Interesting times are ahead for Nucky Thompson, the boss of “Boardwalk Empire.” HBO has announced the new season of its Atlantic City-based drama also will be the last.

Creator Terry Winter said the decision to end things came after a great deal of discussion with HBO and his creative team. He says he looks forward to bringing the series to a powerful and exciting conclusion.

The show, which has garnered multiple Emmy awards, begins its fifth season in the fall.

The TV show is based on a book of the same name by Atlantic County Superior Court Judge Nelson Johnson. On Friday, Johnson said he wasn’t surprised Winter decided it was time to wrap things up.

“When I met Terry Winter in 2009 I asked him how long he thought this might run. He said, ‘Maybe three years or four, but we don’t do anything more than five years.’ So it doesn’t surprise me,” Johnson said.

“You have to keep in mind that it is very difficult to keep talented people committed to a series for that length of time,” Johnson said. “Does Steve Buscemi want to commit to a sixth or seventh year? Probably not.”

While Johnson’s book was a history of Atlantic City’s politics and its rise to prominence as a national resort, the HBO series is a fictional account of Atlantic City political boss Nucky Thompson — played by Buscemi — and his dealings with a variety of gangsters and residents in Atlantic City during Prohibition. Buscemi’s character was based on real-life Atlantic City boss Nucky Johnson.

“I tell people the book is the book, the show is the show,” said Johnson. “I think of my book as an acorn. I think of Terry Winter’s series as an oak tree,” he said. “They are working essentially off two chapters in my book. Not only could my book not fill up a season of the show, I knew they were going to do something way different than my book.”

While the storylines of “Boardwalk Empire” were fictional. The show went to great efforts to accurately capture the look and atmosphere of Atlantic City in the 1920s. This included building a replica of the Boardwalk in Brooklyn, N.Y., — where the show is filmed — and hiring people with local ties to advise on historical matters.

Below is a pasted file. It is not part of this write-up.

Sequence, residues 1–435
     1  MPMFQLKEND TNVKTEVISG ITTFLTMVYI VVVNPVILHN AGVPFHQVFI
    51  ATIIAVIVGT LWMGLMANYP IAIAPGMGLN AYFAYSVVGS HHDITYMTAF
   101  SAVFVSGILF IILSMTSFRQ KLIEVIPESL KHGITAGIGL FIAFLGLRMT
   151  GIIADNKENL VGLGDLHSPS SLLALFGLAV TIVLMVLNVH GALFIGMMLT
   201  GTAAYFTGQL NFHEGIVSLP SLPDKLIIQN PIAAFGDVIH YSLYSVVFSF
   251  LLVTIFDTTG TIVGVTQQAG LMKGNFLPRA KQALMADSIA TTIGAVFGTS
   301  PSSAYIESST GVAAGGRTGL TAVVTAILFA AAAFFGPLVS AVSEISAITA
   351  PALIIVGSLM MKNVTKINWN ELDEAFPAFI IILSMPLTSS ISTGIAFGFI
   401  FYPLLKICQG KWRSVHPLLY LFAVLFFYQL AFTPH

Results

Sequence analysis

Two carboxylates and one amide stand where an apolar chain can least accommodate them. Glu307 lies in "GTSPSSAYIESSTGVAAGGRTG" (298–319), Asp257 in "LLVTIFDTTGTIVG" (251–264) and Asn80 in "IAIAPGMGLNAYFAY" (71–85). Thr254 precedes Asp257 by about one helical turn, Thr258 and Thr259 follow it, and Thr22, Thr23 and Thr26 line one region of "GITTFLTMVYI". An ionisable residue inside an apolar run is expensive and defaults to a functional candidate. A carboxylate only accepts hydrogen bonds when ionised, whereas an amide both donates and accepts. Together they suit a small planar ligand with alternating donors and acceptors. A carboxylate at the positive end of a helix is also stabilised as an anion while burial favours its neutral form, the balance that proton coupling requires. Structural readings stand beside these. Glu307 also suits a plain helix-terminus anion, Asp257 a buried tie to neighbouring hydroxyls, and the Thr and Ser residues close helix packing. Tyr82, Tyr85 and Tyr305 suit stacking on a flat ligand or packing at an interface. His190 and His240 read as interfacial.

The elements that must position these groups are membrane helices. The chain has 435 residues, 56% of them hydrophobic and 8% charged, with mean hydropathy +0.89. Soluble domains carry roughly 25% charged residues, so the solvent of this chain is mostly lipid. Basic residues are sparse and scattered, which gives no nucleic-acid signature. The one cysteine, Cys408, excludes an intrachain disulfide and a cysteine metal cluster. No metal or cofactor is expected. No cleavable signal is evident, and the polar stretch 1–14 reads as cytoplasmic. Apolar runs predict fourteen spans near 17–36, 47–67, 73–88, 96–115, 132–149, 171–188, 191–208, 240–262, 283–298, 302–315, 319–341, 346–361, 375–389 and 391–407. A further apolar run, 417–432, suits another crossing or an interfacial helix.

One of these is Atlantic City historian Vicki Gold Levi, who on Friday said she was upset to hear about the show ending.

“I’m in mourning already,” Levi said. “I will miss it personally, because I love the research and the work, but I will also miss it as a viewer. It’s got compelling acting and storytelling, But all things have to come to an end.”

For Levi, co-author of the book “Atlantic City: 125 Years of Ocean Madness,” one of the attractions of the series was seeing scenes of old-time Atlantic City brought to life.

“If you paid attention to the show, the Boardwalk set is amazing. It has the herringbone pattern that our Boardwalk has and the railings have the knuckles that we have,” she said. What the producers couldn’t recreate in real life, they were able to portray using computer effects.

“I watch the show and see a lot of stuff from my book that has come to life,” she said. “The attention to detail was stunning, even if the plot wasn't what really happened in Atlantic City.”

While the show was a boon to fans of local history, it also served to once again raise Atlantic City’s position in pop culture.

“I think it helps the city in the same way that having Miss America in Atlantic City does. People are more aware of Atlantic City on a broad level,” Levi said. “I have certainly heard a lot about (‘Boardwalk Empire’) in the different places that I traveled. Anytime I give a talk now, I’m always asked about ‘Boardwalk Empire.’”

Businesses in the city worked to capitalize on the popularity of the show. Casinos held viewing parties and there were “Boardwalk Empire”-themed tours of the city. When he took over as head of Resorts Casino Hotel, former CEO Dennis Gomes adopted a 1920s theme for the casino because of the show’s success. That rebranding has since been supplanted by Resort’s Margaritaville island theme.

For Johnson, being the author whose work inspired the series “was a lot of fun. My wife and I met a lot of interesting people. But that was a chapter in my life, and we go on from there.”

Johnson is already anticipating the publication of a new book by Rutgers University Press. This book details the clashes between former Jersey City Mayor Frank Hague and Arthur Vanderbilt, a chief justice of the New Jersey Supreme Court.

“They banged heads and hated one another. The story of their intense rivalry and battles is an epic story,” Johnson said.

Could it, perhaps, be the perfect material for a new TV series?

“That's like planning to get struck by lightning,” Johnson said.

(The Associated Press contributed to this report)

Contact Steven V. Cronin:

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